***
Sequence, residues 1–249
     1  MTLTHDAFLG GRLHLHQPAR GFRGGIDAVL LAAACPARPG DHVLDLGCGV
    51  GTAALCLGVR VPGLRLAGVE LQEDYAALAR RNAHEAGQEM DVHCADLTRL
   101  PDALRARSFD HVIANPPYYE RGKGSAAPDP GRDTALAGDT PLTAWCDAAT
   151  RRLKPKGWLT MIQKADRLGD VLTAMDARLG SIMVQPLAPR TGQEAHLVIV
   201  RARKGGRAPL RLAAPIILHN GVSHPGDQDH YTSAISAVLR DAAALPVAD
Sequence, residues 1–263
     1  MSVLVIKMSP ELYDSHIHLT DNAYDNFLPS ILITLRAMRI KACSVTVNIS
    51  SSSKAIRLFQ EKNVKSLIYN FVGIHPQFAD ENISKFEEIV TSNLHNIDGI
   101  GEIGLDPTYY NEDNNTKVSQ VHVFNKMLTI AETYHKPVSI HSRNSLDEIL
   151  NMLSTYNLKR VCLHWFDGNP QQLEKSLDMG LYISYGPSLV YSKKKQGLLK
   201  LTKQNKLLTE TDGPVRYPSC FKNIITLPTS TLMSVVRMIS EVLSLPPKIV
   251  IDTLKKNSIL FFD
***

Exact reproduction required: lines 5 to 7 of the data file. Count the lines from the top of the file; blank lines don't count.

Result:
   151  RRLKPKGWLT MIQKADRLGD VLTAMDARLG SIMVQPLAPR TGQEAHLVIV
   201  RARKGGRAPL RLAAPIILHN GVSHPGDQDH YTSAISAVLR DAAALPVAD
Sequence, residues 1–263